I was not happy at all with this, but the interesting part was coming tomorrow. The day went by, and I couldn't sleep that night. I was googling about the issue and checking every directory of Team-BHP, yet there was no answer.

The next day, I went back to the showroom with my dad and one of my friends who already owned a Dominar. The senior technician came, took my vehicle inside, and then came back. Guess what? He only cleared the error codes and nothing else and told me that the issue was resolved, and there was no issue.

I was like, "Do a test ride! What was the issue?"

Here's the wonderful explanation given by the senior technician: 'You were riding the bike in the city, right? So, there might have been vehicles closely surrounding you in heavy traffic, and as a result, the engine heat might not have dissipated, causing it to overheat and turn off. If you take the bike for a long ride on the highway or take it out on ECR, this issue should not occur.

My dad said, 'So, this vehicle should not be used within the city? Is it only meant for highways?

Senior technician: Yes, sir.

Then my dad turned to the sales rep and told him, 'Wonderful, we need a refund."

Even the salesperson couldn't hide his laughter when the technician gave that reason. Meanwhile, while we were discussing, the engine was turned on for testing, and it automatically turned off again with the message 'High coolant temperature.' We asked him how this happened now, and my friend started to shout at them, showed him his Dominar, and said, 'Do you all think we are such fools?' Then, the salesperson told us to leave the bike for a full detailed analysis and said they would call me back.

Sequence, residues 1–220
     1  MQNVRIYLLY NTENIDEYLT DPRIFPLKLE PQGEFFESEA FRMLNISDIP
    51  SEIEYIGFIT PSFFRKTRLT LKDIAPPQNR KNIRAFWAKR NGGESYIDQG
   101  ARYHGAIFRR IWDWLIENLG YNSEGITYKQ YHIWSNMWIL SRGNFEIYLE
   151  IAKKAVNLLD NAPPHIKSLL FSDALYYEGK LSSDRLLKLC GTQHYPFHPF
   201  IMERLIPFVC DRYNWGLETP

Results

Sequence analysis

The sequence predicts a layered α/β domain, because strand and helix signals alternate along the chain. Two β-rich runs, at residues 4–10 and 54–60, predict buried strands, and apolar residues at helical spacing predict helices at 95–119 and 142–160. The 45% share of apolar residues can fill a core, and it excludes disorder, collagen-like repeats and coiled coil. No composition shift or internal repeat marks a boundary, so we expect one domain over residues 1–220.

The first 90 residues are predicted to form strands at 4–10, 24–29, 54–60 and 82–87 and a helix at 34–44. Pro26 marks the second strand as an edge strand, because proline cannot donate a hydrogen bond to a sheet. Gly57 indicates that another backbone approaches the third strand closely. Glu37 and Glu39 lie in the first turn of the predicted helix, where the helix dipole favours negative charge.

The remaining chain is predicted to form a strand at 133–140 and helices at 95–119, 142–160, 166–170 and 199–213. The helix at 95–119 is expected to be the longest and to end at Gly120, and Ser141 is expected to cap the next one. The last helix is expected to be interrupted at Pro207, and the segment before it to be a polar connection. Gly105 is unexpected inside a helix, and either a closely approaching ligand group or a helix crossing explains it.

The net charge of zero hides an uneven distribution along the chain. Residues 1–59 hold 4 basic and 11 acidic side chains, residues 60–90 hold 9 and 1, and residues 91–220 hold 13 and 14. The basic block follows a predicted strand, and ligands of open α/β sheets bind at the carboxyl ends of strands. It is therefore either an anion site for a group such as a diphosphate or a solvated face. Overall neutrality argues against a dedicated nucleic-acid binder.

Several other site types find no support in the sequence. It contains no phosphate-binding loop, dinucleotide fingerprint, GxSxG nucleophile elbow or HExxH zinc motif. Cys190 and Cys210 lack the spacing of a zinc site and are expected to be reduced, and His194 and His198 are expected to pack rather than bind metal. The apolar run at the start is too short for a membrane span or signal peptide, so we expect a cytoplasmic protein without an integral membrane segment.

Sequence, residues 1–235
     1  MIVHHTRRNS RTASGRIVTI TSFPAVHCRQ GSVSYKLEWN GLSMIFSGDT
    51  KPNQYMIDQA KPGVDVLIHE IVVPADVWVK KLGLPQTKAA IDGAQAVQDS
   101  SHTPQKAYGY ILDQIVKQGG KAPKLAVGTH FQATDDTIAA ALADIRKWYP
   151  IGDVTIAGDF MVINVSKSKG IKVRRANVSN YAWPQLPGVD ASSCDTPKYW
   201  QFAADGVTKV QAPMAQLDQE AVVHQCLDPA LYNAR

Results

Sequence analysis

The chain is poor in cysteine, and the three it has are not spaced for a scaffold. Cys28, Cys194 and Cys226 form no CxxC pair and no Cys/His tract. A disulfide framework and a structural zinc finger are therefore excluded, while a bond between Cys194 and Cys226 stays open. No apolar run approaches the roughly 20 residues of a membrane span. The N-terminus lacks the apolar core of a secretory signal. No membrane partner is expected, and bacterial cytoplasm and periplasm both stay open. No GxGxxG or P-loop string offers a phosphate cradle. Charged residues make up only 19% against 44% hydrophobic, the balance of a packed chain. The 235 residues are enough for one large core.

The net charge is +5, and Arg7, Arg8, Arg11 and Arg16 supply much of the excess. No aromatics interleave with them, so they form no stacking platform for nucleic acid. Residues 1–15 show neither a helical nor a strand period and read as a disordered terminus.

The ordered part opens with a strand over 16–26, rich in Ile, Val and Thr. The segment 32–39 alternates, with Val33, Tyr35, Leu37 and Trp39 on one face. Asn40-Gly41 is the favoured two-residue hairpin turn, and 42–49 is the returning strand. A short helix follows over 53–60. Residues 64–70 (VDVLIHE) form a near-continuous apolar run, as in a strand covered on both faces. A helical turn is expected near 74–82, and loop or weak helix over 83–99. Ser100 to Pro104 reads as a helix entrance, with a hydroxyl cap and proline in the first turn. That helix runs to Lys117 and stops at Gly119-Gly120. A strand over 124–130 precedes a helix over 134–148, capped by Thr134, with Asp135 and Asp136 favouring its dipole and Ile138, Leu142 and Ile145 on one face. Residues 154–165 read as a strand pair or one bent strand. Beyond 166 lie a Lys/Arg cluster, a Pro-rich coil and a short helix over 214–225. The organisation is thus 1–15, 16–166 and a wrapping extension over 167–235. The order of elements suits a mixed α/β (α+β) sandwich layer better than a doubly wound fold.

My dad is still sticking with the refund, I told them that I need the bike by EOD.

We left the bike at the Bajaj service center in Adyar and went home. I received a call at 3 PM, stating that the issue had been resolved, and they had identified the problem. I asked them about the issue, but they asked me to come directly.

We went there at 4 PM with my dad and asked about the issue. The technician did not even come out this time; he was working on a different bike and did not make eye contact with me at all. The sales rep came from the showroom, gave us the bike, and told us that the issue was due to a broken radiator fan.

How did it happen?

After all the testing on the bike, before delivery, they sent the bike for a water wash inside the service center. A guy who was not aware of what is a radiator used a high-pressure water pump to hose down the bike directly onto the radiator. This powerful force of water broke the radiator fan and caused the issue. (Something new I learned and couldn't find this reason online for the past 2 days).

Then the sales rep told us that they didn't have the stock of the radiator fan currently. However, for us, they had taken the fan from a motorcycle that was in the showroom and installed it.

"I asked, 'What? Fine, at least they didn't take it from another guy's motorcycle.' Then I asked what if they were going to sell that bike to someone in the future with the same issue. The sales rep replied that they had already placed an order for a new fan, and once they got it, they would install the new one on that bike.

Phew, finally! But hey, I wanted to test it myself. I couldn't believe them right now. So I took my bike, filled it with BP Speed fuel, and rode the entire evening trying to make the engine overheat as much as possible.

I rode through city traffic, then took the ECR route, reached Mamallapuram, went back to Kovalam, again to Mamallapuram, and back to Kovalam. I did a test ride until 9 PM, and the bike was amazing. All the problems and bitter feelings disappeared after its performance.

I went back home and finally settled down with a good feeling about the bike. I laughed so hard about the reason the senior technician gave.